hlBut Hilton’s pilot went even further than this, because the cancellation fee would be charged regardless of when the cancellation was requested – even if it was days or weeks before.

Predictably, customers totally hated it.

So much so, Hilton canned the policy less than three months in.

Putting the best spin on things, CEO Christopher Nassetta remarked that Hilton “did get some nuanced intelligence out of the experience.”

Perhaps that intelligence was not quite as nuanced as Nassetta infers! At the bottom of this customer fail is a fundamental axiom:  If you mess with time-honored practices that people have come to expect as the normal course of business, you do so at the risk of major blowback.

But we have another recent developing in the hospitality industry that points to a different result. In this case, it’s in the passenger airline segment.

last classDelta and a few other airlines have been successfully rolling out a new class of travel euphemistically called “basic economy” or “super economy” class.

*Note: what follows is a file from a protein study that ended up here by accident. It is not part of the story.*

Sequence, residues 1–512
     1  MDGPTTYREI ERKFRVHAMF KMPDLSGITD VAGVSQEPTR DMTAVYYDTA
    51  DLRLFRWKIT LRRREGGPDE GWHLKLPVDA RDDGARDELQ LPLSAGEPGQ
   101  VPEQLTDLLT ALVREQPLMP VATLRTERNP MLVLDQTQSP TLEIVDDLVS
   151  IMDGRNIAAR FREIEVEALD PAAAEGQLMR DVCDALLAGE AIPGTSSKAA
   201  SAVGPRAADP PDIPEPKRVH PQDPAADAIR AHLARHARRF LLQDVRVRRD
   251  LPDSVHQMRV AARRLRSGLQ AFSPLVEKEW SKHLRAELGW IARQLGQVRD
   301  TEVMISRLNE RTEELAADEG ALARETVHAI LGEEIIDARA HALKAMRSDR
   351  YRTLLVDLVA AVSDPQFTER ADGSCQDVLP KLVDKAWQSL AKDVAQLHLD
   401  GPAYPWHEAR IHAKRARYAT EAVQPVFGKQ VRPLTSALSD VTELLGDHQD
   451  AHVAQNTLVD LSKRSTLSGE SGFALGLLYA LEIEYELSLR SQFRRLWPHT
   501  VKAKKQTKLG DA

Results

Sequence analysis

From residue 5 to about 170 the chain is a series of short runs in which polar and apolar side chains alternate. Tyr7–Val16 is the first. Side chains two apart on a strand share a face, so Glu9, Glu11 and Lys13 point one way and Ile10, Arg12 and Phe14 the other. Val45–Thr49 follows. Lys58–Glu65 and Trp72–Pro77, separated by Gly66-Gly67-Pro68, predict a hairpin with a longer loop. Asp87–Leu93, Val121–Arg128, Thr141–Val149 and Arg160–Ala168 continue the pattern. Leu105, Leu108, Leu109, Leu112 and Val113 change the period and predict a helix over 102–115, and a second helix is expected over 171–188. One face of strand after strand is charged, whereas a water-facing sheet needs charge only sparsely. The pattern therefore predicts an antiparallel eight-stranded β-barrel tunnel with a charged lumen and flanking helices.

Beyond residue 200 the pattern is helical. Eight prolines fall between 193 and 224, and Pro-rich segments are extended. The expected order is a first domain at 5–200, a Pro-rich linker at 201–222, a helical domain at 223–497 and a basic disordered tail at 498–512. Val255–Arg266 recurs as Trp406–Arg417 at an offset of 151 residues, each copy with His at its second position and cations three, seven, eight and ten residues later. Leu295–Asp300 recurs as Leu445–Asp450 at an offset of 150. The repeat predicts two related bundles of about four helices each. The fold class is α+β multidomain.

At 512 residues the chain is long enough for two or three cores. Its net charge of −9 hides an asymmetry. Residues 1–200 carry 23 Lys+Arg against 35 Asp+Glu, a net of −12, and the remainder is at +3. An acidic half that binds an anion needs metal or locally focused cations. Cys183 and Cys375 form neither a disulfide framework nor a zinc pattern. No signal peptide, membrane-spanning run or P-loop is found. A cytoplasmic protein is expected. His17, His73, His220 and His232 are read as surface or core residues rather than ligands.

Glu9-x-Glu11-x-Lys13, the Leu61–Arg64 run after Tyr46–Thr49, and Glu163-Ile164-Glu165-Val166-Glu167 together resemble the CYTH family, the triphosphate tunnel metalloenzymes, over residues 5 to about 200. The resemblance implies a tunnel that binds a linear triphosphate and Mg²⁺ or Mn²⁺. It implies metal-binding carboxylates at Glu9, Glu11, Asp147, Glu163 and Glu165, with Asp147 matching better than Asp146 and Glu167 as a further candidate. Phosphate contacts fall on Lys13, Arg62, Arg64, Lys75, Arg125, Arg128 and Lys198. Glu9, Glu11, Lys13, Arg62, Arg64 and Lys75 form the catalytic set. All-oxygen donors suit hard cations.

[Others call it “economy minus” or “last class” air travel.]

Essentially, what the airlines are now offering are the lowest available airfares that will get travelers to their place of destination – and that’s it. All of the basic amenities available to traditional coach class travelers are missing.

If one chooses to travel “super economy,” here’s what’s in store for them:

  • Seats with less leg-room than coach (if that’s even possible)
  • No free snacks or drinks
  • No free in-flight entertainment
  • No free carry-on bags
  • No advance seat assignments